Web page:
1 | if (x = 3) ... |

This does not test if x is 3. This sets x to the value 3, and then returns the 3 to the if for testing. 3 is not 0, so it counts as “true” every time. This is probably the single most common error made by beginning C programmers.

## 5) Logical Operators ( !, && and ||)

In Logical operators in C, the value 0 is false, anything else is true. The operators evaluate left to right and stop as soon as the truth or falsity of the expression can be deduced. (Such operators are called “short circuiting”) In ANSI C, these are furthermore guaranteed to use 1 to represent true, and not just some random non-zero bit pattern.

1 2 3 | ! Boolean not (unary) && Boolean and || Boolean or |

## 6) Bit-wise Operators (~, &, |, ^, >> and <<)

C includes operators to manipulate memory at the bit level. This is useful for writing low level hardware or operating system code where the ordinary abstractions of numbers, characters, pointers, etc… are insufficient — an increasingly rare need. Bit manipulation code tends to be less “portable”. Code is “portable” if with no programmer intervention it compiles and runs correctly on different types of computers. The bit-wise operations are typically used with unsigned types. In particular, the shift operations are guaranteed to shift 0 bits into the newly vacated positions when used on unsigned values.

1 2 3 4 5 6 | ~ Bitwise Negation (unary) – flip 0 to 1 and 1 to 0 throughout & Bitwise And | Bitwise Or ^ Bitwise Exclusive Or >> Right Shift by right hand side (RHS) (divide by power of 2) << Left Shift by RHS (multiply by power of 2) |

Do not confuse the Bit-wise operators with the logical operators. The bit-wise connectives are one character wide (&, |) while the Boolean connectives are two characters wide (&&, ||). The bit-wise operators have higher precedence than the Boolean operators. The compiler will never help you out with a type error if you use & when you meant &&. As far as the type checker is concerned, they are identical– they both take and produce integers since there is no distinct Boolean type.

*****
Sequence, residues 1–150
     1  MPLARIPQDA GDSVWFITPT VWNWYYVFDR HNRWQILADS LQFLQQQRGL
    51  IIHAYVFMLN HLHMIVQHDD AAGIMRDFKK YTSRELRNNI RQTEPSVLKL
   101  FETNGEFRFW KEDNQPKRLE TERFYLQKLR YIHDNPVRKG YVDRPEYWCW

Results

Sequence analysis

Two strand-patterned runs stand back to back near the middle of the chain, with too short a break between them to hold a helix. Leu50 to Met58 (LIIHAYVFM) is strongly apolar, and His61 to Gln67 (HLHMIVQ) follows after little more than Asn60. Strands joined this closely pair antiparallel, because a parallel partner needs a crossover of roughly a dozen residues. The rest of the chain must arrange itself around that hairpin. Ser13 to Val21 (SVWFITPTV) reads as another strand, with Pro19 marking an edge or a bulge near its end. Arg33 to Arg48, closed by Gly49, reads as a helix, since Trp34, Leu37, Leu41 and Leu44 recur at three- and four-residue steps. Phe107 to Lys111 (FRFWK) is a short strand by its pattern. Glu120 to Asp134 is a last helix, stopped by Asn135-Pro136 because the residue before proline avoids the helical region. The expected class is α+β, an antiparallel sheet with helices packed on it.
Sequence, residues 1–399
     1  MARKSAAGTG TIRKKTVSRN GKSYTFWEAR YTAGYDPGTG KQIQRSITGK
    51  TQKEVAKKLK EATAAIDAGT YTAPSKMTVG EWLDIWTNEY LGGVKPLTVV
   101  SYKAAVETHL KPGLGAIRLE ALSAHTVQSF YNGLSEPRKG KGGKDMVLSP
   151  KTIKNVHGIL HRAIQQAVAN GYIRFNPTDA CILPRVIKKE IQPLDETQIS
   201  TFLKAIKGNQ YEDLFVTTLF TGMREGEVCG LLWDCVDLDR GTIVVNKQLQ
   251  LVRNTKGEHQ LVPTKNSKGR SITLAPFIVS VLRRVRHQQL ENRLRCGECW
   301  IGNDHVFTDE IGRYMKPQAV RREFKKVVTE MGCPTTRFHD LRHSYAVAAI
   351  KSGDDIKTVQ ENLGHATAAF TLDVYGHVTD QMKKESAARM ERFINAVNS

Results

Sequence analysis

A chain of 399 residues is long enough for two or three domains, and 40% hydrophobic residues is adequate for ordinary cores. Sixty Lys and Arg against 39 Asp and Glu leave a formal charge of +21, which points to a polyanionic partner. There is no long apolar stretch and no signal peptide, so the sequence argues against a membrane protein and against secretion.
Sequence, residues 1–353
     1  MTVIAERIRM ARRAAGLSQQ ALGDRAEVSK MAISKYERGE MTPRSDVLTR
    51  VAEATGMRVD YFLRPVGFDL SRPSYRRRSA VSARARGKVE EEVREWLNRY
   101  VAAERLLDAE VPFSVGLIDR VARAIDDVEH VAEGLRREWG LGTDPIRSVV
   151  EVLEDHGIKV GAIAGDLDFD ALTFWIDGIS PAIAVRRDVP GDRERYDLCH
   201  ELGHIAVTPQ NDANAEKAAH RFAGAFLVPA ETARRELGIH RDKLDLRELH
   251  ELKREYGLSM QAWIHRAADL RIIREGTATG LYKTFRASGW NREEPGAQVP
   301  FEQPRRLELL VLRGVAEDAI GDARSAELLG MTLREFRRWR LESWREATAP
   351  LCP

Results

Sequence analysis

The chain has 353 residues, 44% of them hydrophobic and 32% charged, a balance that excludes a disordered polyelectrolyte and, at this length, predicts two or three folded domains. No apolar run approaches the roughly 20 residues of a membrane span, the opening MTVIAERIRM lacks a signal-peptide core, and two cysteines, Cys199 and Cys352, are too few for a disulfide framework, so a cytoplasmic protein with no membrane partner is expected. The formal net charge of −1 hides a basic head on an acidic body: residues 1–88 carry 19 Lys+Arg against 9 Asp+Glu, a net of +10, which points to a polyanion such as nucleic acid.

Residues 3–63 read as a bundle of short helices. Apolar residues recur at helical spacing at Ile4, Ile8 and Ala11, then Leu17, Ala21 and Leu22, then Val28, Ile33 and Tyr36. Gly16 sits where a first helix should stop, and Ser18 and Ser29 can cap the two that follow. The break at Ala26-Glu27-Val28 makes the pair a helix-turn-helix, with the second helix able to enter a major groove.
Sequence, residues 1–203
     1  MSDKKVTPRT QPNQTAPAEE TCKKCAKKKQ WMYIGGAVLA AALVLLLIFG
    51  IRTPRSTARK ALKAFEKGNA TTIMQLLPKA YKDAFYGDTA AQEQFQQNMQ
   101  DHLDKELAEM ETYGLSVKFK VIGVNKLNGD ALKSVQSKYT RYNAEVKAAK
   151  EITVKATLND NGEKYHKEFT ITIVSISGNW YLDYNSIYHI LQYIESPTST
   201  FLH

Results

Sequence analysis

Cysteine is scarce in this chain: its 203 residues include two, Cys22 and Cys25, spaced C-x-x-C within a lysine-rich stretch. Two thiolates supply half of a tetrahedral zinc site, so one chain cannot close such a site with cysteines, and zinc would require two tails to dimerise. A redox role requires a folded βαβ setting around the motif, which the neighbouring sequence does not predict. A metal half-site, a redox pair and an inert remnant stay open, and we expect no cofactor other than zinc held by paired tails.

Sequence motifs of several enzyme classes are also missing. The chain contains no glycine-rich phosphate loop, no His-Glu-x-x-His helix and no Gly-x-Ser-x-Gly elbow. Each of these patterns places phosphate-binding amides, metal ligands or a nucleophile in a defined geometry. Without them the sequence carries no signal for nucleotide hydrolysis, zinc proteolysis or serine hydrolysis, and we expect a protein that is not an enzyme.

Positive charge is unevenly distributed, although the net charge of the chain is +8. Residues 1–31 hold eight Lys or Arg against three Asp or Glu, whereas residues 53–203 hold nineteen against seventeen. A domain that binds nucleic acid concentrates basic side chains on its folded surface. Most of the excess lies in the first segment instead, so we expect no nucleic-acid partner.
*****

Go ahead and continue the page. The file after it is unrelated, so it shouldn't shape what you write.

## 7) Pointer Operators (*, & and ->)

In C, pointer operators are operators that are used in conjunction with pointers. There are several pointer operators in C, including:

**Address-of operator (**: Returns the memory address of a variable. When used with a variable, the`&`

)`&`

operator returns the address of the variable in memory.**Dereference operator (**: Accesses the value stored at a memory address. When used with a pointer, the`*`

)`*`

operator returns the value stored at the address pointed to by the pointer.**Indirection operator (**: Accesses a member of a structure through a pointer. The`->`

)`->`

operator is used to access members of a structure when a pointer to the structure is used.

## 8) Conditional Operators (? :)

The conditional operator (also known as the ternary operator ) is a shorthand way of writing an `if`

statement. It allows you to conditionally execute an expression based on the value of a condition. The syntax of the ternary operator is as follows:

1 | condition ? expression1 : expression2 |

## 9) Comma Operator ( , )

The comma operator `,`

in C is used to separate expressions. It evaluates each expression from left to right and returns the value of the rightmost expression. It is often used in places where multiple expressions are syntactically allowed but only one is expected.

For example in the following example, the expressions `a++`

and `b++`

are evaluated first and then the expression `a + b`

is evaluated, and the result is assigned to the variable `c`

.

1 2 3 4 5 6 7 8 9 10 11 12 | #include <stdio.h> int main() { int a = 5, b = 10, c; // The comma operator is used here to combine multiple expressions c = (a++, b++, a + b); printf("a = %d, b = %d, c = %d\n", a, b, c); return 0; } |

## Operators Diagram (Infographics)

The following diagram shows a list of operators and their categories used in C.

If you want to see these operators in action, look at the following C Programs: